Special Action Plan Compiled For the Preventing of Disposing of Garbage in Ships

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infographic of controlling waste disposal behavior on ships

Controlling waste in the ocean needs to be done by all parties in various ways. Because the garbage in this area comes from human activities on land and sea.

In a study conducted by The Ocean Cleanup Foundation, it is estimated that around 80,000 tons of plastic are in the ‘Greater Pacific Trash Area’ which runs between California and Hawaii, United States. The amount is 16 times more than previously reported.

The study, published in the scientific journal Scientific Reports, said that garbage accumulates in five areas in five oceans. The largest area is between Hawaii and California.

Some steps to prevent and control human waste behavior on land have been heard, ranging from improving people’s behavior in consuming plastic, implementing reuse, reduce, recycle, management of the final processing site, to implementing environmentally friendly packaging to replace plastic.

However, structuring behavior in the oceans has not been heard much. That is why the International Maritime Organization (IMO) promises to start paying attention to the big problems caused by plastics in the oceans. According to the plan, this will be done by lowering the Action Plan (Action Plan) which aims to strengthen existing regulations and introduce procedures to reduce plastic waste in the oceans from ships.

In fact, disposing of plastic into the sea has become prohibited in various regulations to prevent pollution generated from ship waste under the International Convention for the Prevention of Pollution from Ships (MARPOL), which also requires the government to ensure facilities at the port are suitable for accommodating ship waste.

In addition to information, in the London Convention and Protocol relating to disposing of trash in the ocean, only a few materials are permitted to be disposed of. And these rubbish, must be absolutely certain to be free of plastic.

Recognizing that much needs to be done in relation to health and environmental problems caused by ship’s plastic waste, the Meeting of IMO participating countries agreed that the action plan must be fulfilled by 2025, to be implemented by all ships, including fishing vessels .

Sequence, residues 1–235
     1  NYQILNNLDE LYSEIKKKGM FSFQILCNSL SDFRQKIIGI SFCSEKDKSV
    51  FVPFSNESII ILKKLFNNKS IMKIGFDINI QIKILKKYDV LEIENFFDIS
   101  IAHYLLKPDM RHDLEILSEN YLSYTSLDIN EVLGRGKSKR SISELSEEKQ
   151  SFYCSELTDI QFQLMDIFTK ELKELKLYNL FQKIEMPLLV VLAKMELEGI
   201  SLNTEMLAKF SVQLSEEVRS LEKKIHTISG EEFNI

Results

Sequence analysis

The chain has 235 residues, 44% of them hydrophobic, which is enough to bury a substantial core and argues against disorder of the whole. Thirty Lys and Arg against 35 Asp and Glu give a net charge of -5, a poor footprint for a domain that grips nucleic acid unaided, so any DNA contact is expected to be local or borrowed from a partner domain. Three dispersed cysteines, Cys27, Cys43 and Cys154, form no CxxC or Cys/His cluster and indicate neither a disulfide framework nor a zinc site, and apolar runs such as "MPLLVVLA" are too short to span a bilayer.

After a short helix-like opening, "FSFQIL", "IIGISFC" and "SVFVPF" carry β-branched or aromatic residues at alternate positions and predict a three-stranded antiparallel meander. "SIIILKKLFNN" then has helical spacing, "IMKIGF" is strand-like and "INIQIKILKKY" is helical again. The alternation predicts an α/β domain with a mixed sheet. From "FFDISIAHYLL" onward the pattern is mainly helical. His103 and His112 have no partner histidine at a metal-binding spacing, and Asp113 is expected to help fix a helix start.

Fishing boats can also produce this plastic waste hazard. For example, a net that is lost or abandoned by a fisherman can ensnare a propeller and rudder.

IMO Action Plan to tackle marine plastic waste from ships

The reaction noted that plastic waste entering the ocean was caused by activities carried out on land and sea as well. Both macroplastics (for example, large plastics such as plastic bags, mineral water bottles and fishing equipment) and microplastics (small plastic particles that are generally 5 millimeters or less) survive in the oceans and produce harmful impacts on life and biodiversity in the ocean, and also has an impact on human health.

In addition, plastic waste has a harmful impact on tourism, fishing and shipping activities. Plastic material actually has the potential if returned to the economic aspect if intended for reuse and recycling. A study shows that even though there is a regulatory framework to prevent plastic waste from ships, it is still carried out.

The action plan will provide a mechanism for IMO to identify what results will be obtained and how to obtain those results. In other words, this Action Plan will be more measurable. The action plan was made from an existing regulatory framework, and identified the possibility to strengthen the framework and introduce new procedures to overcome problems related to plastic waste generated by ships.

Specific procedures include:

A. Further studies related to plastic waste on ships

B. Check availability and feasibility of waste receiving facilities at ports

C. Consider requiring marking of fishing gear, in collaboration with the United Nations Food and Agriculture Organization (FAO)

D. Encourage reporting of lost fishing gear

E. Facilitating the delivery of returned fishing gear to facilities on the beach.

F. Review regulations related to training for fishing vessel crews and introduction of seamen to ensure knowledge of the dangers of ship waste.

G. Considering the establishment of a mandatory mechanism for announcing loss of luggage in the sea and identifying the amount of loss

H. Increase public awareness

I. Strengthening international cooperation, specifically FAO and UN Environment

Meanwhile, for the reduction of plastic waste generated and taken from fishing vessels, the rules include considerations for making an IMO vessel identification number required for fishing vessels of a certain size; Consideration for making marking of fishing gear with a mandatory identification number of the ship in cooperation with FAO; further investigation on recording identification numbers for each item of fishing gear on a fishing vessel; Remind each country to collect information on all fishing gears that are accidentally lost or deliberately released at sea; Consider developing best management practices to facilitate incentives for fishing vessels that collect their broken fishing gear and bring them to the receiving facilities at the port, in collaboration with FAO.

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